Tag: DMLcentral (page 1 of 4)

3 Ways Open Badges Work Like the Web [DML Central]

3 Ways Open Badges Work Like the Web

My latest post for DML Central has now been published. Entitled 3 Ways Open Badges Work Like the Web, it’s an attempt to unpack a phrase I use often. It features a couple of great images from Bryan Mathers — one inspired by a Tim Berners-Lee quotation at the start of the post, and the other a visualisation of the ‘four freedoms’ of Free Software.

Read the post here

Note: I’ve closed comments here to encourage you to add your thoughts on the original post.

The Possibilities of Badges and Blockchain [DML Central]

My latest post for DML Central has just been published. Entitled The Possibilities of Badges and Blockchain it’s a follow-up to a post I wrote for them last year, which stated that this kind of thing was ‘deep in the future’. Perhaps not!

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This kind of stuff fascinates me, which is why I’m delighted that a few ex-Mozilla colleagues and interested parties have come together to form Badge Chain. You can sign up on the site for (low-traffic) email updates, and/or subscribe to our Medium publication.

Deliberate Practice and Digital Literacies [DMLcentral]

Deliberate Practice and Digital Literacies

My latest post for DMLcentral was published while I was away on holiday this week. It’s entitled Deliberate Practice and Digital Literacies and in it I apply some of the insights from Kathy Sierra’s book Badass: Making Users Awesome.

Read the post

Comments are closed here, but I’ve cross-posted to Medium, so you’re welcome to recommend or reply there, as well as at DMLcentral.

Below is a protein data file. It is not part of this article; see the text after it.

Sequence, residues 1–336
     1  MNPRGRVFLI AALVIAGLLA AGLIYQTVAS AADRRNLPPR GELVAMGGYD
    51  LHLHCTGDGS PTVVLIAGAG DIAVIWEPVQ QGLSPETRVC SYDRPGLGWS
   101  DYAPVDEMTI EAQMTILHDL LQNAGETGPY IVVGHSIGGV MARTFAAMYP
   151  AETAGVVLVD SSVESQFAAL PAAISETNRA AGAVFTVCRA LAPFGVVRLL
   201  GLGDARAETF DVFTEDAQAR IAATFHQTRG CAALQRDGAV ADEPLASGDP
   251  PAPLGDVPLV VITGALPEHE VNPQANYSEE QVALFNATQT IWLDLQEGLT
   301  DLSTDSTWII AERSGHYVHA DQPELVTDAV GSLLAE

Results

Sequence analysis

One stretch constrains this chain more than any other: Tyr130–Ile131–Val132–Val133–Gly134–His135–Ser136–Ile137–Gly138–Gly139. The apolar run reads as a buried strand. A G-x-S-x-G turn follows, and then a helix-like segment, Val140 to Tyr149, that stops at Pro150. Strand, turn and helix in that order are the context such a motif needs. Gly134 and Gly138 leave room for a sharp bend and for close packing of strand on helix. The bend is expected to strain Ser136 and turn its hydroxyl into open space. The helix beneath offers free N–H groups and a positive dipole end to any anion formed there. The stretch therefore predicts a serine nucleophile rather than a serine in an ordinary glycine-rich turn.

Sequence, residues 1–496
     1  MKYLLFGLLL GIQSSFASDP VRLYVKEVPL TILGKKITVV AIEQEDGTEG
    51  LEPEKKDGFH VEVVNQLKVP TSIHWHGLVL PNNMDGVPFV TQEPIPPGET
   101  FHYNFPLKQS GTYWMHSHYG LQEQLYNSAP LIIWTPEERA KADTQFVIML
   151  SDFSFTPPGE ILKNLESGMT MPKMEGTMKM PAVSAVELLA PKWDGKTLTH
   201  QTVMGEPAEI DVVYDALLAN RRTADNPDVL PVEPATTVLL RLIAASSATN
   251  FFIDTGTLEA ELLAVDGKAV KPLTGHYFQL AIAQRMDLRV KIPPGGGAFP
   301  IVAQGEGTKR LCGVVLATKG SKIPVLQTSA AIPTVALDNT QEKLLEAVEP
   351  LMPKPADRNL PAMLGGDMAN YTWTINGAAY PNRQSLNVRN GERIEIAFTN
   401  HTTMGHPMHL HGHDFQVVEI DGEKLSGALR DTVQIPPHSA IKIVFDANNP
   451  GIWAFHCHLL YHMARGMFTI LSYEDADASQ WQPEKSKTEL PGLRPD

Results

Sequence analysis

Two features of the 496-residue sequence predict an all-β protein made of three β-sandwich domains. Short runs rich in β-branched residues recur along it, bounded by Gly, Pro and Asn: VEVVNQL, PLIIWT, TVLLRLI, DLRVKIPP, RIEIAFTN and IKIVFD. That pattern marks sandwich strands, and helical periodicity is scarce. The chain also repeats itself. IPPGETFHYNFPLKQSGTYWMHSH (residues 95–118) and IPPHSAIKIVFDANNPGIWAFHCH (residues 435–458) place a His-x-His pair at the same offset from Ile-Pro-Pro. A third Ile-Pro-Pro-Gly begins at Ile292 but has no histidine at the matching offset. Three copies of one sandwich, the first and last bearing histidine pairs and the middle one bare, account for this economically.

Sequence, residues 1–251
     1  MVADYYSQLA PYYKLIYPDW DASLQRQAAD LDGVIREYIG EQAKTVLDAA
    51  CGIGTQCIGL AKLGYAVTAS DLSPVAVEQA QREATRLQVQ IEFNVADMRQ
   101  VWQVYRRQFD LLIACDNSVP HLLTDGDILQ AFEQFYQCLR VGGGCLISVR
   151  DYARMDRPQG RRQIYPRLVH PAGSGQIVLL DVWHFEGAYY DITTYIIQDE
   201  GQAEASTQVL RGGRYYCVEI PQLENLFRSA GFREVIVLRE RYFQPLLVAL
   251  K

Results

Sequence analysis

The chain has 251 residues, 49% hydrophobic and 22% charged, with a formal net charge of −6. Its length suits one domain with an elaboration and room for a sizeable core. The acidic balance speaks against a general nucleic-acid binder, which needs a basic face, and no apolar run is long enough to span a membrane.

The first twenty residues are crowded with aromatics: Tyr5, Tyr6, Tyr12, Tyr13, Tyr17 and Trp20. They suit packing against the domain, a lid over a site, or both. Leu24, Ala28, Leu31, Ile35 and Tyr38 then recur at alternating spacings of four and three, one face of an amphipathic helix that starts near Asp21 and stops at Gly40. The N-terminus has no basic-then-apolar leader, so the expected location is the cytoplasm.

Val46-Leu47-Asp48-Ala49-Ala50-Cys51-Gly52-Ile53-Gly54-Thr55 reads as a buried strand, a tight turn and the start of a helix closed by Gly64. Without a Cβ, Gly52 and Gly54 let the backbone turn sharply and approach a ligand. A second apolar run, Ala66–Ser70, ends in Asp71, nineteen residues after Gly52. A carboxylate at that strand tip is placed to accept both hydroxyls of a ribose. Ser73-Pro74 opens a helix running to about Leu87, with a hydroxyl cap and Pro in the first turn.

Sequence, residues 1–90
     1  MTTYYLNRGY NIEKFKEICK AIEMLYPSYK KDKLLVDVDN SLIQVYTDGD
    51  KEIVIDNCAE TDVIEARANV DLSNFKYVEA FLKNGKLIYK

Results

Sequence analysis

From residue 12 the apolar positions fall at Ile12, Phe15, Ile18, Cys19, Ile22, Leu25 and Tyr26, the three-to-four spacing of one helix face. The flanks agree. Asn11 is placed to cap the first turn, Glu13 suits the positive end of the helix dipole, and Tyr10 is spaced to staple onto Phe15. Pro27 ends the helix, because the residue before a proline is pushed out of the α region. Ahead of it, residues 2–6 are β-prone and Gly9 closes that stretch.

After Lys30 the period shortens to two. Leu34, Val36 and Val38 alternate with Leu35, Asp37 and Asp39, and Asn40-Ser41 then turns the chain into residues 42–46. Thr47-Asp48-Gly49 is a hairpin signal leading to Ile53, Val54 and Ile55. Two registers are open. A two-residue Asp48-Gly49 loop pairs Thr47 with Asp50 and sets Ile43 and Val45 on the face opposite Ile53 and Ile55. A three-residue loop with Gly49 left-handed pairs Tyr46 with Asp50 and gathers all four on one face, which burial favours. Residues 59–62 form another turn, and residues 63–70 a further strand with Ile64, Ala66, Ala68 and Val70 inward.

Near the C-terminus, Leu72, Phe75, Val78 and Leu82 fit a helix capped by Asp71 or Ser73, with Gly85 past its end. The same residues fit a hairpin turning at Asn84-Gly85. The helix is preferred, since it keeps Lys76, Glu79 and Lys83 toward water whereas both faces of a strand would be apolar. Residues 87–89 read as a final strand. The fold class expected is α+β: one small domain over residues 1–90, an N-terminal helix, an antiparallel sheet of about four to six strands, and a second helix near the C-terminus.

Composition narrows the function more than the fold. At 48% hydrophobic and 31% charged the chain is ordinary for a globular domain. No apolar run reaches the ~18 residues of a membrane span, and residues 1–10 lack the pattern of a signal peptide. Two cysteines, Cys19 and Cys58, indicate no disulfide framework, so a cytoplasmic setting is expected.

Note: the Medium version of this post has a great ‘fried egg’ image created by Bryan Mathers that’s much better than my attempt in the original article!

Open Badges location extension

I’m delighted that, thanks to some help from Kerri Lemoie, the Open Badges extension for geolocation that I proposed is now available for use. It was simple enough to do the initial coding following the following the example using JSON-LD but Kerri (and Nate Otto)

Details of how Open Badges extensions work can be found in this post I wrote for DMLcentral. It explains how version 1.1 of the specification allows for great things through extensions.

At the time of writing, the following extensions are now available:

  • Apply Link — provides a URL allowing potential badge earners to apply for an opportunity specified by a badge issuer.
  • Endorsement — allows a third party to publicly acknowledge the value of a badge designed, assessed, and issued by a particular issuer.
  • Location — allows for the addition of the geographic coordinates associated with a badge.
  • Accessibility — allows for the addition of content for people with disabilities.
  • Original Creator — provides a way to track the origin of a badge when one organisation creates it for another.

I’m really pleased with all of this and delighted that the Open Badges ecosystem has a bright future!

Image CC BY-ND Bryan Mathers


If you’re interested in designing badge systems and think I might be able to help, please do get in touch via my consultancy, Dynamic Skillset. I have reduced rates for third sector organisations such as charities, non-profits and educational institutions.

Taking Another Look at the Digital Credentials Landscape [DMLcentral]

Taking Another Look at the Digital Credentials Landscape [DMLcentral]

My latest post for DMLcentral is up. Entitled Taking Another Look at the Digital Credentials Landscape, I attempt to clear up some confusion in the Open Badges landscape about various terms.

Here’s an excerpt:

In the early days of talking about Open Badges, I feel that we conflated several important points: the ability to issue micro credentials, bypassing traditional gatekeepers to learning, and the Open Badges standard itself. What I’ve tried to do in this post is, to some degree, begin to tease these apart. The important innovation is the interoperability and standards-based approach.

I’ve closed comments here to encourage you to leave them on the original post.

Click here to read in full on DMLcentral

 

Setting an Agile School Rhythm [DMLcentral]

My latest post for DMLcentral is up. I’ve been thinking about agile workflows and team productivity a lot recently and, in this post, I attempt to apply it to (formal) education environment. Give it a read and see if you think it works!

Click here to read

Thanks again to Bryan Mathers for the great header image!